I wonder if it ever dawned on the producers of Argo– as they watched their film unfold– that it contained virtually no characters from the country the movie aims to portray.
In fact, despite 120 minutes of screen time, not one of the dozens of Iranian actors employed in the production has been given any significant role to play, beyond a grimacing one-liner, usually in the form of a threat.
Instead, the Iranians hired for this movie played the role of extras–a kind of Orientalist wallpaper to make the location feel “realistic.”
And what could be more realistic for the producers than to cast their Iranian extras in one of two categories: either as members of angry mobs, fists waiving in the air chanting “death to America” or as maniacal bearded men with piercing eyes, often equipped with assault rifles.
The role of “The Iranian” as defined by Argo resembled that of the ruthless “Smith” in The Matrix trilogy. Like the dozens of Iranians cast in Argo, the hundreds of Smiths in The Matrix have no depth, no emotional qualities and indeed no human qualities. Like the Smith, the Iranian never smiles.
So fearsome are these Argo Iranians, that the audience (myself included) is driven by the suspense to collectively breathe a sigh of relief once the Americans are finally safe in an airplane, leaving the dark, repressive and angry Islamic world in the rear view mirror. This final scene reminded of the closing scene in the 1986 film Delta Force, where Chuck Norris and his commandos cheer as they are finally safely aboard a plane out of Beirut.
And what has changed in the 26 years since Delta Force hit screens? Hollywood is still scripting Middle Easterners as the dimensionless, screaming bad guys, attacking brave innocent American heroes for no reason better than their own backwardness. Perhaps out of post-Orientalism guilt, the makers of Argo added a one minute history lesson at the beginning of their film which blames America for having a role in removing Iran’s past prime minister in a CIA coup (I’d love to see a film about that).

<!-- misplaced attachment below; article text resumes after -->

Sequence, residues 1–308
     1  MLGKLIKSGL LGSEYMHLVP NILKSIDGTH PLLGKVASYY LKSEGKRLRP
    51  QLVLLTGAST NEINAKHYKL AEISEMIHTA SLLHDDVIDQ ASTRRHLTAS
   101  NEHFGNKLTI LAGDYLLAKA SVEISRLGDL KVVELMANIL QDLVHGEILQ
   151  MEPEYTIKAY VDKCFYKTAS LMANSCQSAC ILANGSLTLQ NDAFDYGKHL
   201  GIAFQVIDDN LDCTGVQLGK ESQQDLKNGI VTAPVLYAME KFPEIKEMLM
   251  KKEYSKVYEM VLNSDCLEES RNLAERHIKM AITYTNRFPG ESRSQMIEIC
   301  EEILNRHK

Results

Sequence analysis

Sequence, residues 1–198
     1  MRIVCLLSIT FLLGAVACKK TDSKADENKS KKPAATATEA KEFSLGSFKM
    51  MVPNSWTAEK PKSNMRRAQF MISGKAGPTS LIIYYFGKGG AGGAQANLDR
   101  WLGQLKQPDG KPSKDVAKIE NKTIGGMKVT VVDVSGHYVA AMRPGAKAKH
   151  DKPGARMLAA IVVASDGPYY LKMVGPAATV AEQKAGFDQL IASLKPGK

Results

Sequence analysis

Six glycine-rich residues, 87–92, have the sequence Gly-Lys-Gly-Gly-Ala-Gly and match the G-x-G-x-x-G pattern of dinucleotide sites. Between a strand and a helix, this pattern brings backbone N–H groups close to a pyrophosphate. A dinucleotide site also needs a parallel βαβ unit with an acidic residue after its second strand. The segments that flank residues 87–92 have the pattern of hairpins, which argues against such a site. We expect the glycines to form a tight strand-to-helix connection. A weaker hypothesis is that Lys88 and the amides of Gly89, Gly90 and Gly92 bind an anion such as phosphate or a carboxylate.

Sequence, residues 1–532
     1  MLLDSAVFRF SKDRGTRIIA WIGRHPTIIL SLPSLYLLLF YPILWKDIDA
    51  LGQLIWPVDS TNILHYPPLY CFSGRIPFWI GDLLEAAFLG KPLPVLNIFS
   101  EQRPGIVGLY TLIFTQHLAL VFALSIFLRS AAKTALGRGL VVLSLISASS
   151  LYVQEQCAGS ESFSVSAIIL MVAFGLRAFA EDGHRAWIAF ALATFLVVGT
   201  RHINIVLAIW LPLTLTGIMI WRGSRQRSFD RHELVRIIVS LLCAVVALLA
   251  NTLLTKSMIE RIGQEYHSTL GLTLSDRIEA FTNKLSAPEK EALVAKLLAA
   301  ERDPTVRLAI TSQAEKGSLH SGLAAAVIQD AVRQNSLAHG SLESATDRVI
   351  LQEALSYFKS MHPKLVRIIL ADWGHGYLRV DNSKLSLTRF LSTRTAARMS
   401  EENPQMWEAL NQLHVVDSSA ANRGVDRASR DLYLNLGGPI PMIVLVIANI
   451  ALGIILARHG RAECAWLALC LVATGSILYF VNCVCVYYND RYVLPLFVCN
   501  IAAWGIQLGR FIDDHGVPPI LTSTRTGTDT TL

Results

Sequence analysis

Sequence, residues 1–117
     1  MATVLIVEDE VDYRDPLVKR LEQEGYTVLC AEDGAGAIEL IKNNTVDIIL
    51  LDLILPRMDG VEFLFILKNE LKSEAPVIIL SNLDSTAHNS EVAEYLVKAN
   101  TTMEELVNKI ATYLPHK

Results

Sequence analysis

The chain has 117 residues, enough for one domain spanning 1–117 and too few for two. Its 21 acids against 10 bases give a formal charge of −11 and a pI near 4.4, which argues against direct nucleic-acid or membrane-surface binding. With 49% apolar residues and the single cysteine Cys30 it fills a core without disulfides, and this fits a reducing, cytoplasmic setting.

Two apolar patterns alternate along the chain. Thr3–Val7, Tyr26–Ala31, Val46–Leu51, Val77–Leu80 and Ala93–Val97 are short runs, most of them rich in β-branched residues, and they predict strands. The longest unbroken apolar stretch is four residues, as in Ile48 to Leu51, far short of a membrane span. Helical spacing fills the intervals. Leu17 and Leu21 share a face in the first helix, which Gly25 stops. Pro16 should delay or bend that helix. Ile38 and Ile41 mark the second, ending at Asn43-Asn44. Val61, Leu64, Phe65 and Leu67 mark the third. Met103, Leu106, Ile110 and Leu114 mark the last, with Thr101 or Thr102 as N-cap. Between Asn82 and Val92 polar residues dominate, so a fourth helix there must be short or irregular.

But these ideas are not developed beyond a fleeting slide show and I doubt few if any audience members will have remembered this brief ‘blame America’ moment once 119 minutes of seat gripping tension (and menacing Iran/Islam stereotypes) have followed it. More importantly, viewers are left with a lasting empathy or lack thereof for the respective American and Iranian faces on screen.
Will Hollywood ever make a film where audiences rally not with American operatives completing their mission, but with those who have suffered directly as a result of that mission, relieved to kick them out for it?
Turns out that Argo’s climax– and perhaps most Orientalist moment– where Iranians chase a plane down the runway in buffoon-like, Delta-Force-like fashion was completely fabricated, according to this panel Q&A with Affleck, who somehow maintains the film was “extremely accurate.”
“One audience member asked about the film’s dramatic climax, in which — spoiler alert — a fleet of cars driven by members of the Revolutionary Guard chase the houseguests’ plane as it lifts off. “There were no cars chasing them down the runway,” admitted Affleck, who got a big laugh when he added, “Those were my cars, and I wanted to get the rental [fees]. I was like, ‘Maybe we use it, maybe we don’t,’ you know what I mean? Turned out to be good.”